Healthcare , Industry Specific , Law & Litigation
Virginia Democratic Senator Mark Warner on Improving Healthcare Cybersecurity
Marian Koluvasc McGee (Health InfoSec) •
February 2, 2023
Virginia Democratic Sen. Mark Warner, who chairs the Senate Intelligence Select Committee, this year will require entities in the health care sector to meet certain minimum cybersecurity standards and address other security concerns. He said he hopes to garner support for a new bipartisan law to encourage.
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“It won’t be one senator to introduce a bill that crosses the finish line. It will have to be a collaborative effort,” he said in an interview with the Information Security Media Group.
Last November, Warner’s office published a 36-page report examining the state of cybersecurity in the healthcare sector. We concluded that cybersecurity is a patient safety issue and presented dozens of policy considerations that could help address a long list of industry challenges (see below). US Senator Says Cybersecurity Is Patient Safety).
The report, which solicited public feedback, received nearly 100 comments, he said.
Among those proposals was that entities participating in Medicare and Medicaid programs should be required to apply minimum security practices as standard operating procedures. Industry groups and most Republican lawmakers generally oppose the prospect of new federal mandates, but some medical institutions appear to be yearning for a more solid direction, Warner said. says.
“I found this to be very straightforward, which is very interesting. Many small hospital systems and even some groups of doctors have stated that it does not work voluntarily. I had to have a ,” he says.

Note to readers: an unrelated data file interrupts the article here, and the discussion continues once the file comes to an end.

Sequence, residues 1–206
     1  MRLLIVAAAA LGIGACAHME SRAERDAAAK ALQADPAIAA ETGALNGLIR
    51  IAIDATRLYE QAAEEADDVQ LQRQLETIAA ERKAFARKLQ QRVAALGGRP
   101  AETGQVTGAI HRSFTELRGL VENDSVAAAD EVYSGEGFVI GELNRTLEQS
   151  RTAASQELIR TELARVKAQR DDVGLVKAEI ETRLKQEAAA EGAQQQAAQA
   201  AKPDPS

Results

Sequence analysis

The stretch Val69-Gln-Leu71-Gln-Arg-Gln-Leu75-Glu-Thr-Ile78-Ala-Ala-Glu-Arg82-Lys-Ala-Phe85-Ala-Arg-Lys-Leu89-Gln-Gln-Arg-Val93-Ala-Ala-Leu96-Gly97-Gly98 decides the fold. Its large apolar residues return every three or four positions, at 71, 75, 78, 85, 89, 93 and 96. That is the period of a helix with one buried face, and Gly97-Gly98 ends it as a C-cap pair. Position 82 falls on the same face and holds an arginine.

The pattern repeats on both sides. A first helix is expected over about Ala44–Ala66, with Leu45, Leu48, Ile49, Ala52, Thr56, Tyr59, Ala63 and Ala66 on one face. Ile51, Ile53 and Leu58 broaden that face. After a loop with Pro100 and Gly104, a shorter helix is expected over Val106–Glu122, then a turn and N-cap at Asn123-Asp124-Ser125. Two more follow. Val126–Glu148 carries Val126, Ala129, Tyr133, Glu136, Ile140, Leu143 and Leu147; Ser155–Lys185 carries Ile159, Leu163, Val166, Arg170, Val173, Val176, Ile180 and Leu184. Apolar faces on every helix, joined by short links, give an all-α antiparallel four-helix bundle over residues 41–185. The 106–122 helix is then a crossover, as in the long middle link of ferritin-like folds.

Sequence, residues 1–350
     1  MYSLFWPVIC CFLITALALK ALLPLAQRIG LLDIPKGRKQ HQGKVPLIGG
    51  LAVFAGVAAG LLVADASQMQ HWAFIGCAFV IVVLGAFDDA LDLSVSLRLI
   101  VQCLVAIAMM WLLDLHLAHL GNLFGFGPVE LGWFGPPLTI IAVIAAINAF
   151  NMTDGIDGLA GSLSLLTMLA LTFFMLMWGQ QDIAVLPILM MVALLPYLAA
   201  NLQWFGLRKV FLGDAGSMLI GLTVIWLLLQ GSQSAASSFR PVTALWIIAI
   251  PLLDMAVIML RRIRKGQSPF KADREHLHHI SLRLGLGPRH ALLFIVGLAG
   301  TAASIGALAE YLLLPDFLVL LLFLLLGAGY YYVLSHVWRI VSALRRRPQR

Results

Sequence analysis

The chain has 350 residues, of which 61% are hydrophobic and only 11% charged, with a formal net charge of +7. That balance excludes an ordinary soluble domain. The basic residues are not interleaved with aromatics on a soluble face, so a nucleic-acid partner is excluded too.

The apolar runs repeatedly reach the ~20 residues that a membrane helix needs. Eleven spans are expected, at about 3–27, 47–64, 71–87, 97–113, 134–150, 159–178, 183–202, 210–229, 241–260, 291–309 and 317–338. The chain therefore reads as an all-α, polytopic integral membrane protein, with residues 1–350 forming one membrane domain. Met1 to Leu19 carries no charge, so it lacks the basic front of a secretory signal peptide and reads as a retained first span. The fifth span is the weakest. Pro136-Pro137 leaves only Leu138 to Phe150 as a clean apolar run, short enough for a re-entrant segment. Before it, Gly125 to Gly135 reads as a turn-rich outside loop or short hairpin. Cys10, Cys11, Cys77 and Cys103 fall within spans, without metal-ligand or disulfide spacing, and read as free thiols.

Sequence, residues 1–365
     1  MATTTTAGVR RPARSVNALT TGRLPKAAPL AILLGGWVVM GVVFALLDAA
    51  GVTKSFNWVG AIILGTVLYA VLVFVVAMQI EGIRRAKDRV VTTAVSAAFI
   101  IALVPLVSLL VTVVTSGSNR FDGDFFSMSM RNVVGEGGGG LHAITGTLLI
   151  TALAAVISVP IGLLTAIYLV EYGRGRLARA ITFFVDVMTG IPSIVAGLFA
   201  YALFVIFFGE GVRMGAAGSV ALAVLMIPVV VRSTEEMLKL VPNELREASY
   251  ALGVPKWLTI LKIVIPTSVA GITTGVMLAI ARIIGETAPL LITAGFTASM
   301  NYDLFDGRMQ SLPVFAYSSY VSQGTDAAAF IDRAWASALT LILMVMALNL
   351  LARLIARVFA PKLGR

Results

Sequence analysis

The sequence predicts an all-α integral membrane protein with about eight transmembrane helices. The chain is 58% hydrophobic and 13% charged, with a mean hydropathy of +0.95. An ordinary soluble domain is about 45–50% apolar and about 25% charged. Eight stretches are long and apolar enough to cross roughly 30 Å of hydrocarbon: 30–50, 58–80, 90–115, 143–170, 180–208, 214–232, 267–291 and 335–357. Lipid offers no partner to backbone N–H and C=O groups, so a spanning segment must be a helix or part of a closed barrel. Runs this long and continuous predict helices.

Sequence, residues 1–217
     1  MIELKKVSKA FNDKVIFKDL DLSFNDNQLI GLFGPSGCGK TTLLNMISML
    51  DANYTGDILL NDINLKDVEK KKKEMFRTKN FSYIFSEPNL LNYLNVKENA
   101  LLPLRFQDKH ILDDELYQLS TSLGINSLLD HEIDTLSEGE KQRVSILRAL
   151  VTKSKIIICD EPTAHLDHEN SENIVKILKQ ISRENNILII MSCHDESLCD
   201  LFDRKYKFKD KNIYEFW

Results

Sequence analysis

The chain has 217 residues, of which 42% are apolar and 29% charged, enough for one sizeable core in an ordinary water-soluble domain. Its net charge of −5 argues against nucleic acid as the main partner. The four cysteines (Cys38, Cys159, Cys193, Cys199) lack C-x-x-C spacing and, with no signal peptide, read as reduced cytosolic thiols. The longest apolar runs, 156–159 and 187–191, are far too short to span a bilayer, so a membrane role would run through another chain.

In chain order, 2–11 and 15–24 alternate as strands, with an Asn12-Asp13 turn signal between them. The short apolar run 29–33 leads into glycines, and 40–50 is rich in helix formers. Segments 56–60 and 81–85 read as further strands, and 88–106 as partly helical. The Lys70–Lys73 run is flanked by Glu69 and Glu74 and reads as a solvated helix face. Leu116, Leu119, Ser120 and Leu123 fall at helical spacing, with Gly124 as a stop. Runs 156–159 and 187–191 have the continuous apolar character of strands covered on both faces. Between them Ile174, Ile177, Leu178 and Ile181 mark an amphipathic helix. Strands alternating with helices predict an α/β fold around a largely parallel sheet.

“I worry that we are one of the big events on cyberhealth and everyone is like, ‘Oh my God,’ and Congress could overreact.”
In the video interview, Warner also discusses:
- Why cybersecurity leadership structures for the federal government’s fragmented healthcare sector need to be revamped;
- addressing the cybersecurity workforce shortage and the Food and Drug Administration’s recent expanded authority over medical device cybersecurity;
- Why was it a mistake a few years ago to not include an interoperability standard requirement as part of the HITECH Act financial incentive program for the “meaningful use” of electronic medical records?
Warner was elected to the U.S. Senate in 2008 and was reelected for a third term in November 2020. He chairs the Senate Intelligence Committee and serves on the Senate Finance, Banking, Budget, and Rules Committee. From 2002 he served as governor of Virginia until 2006. Prior to his public office, Warner co-founded a company that would become Nextel, where he spent 20 years as a technology and business leader in Virginia.
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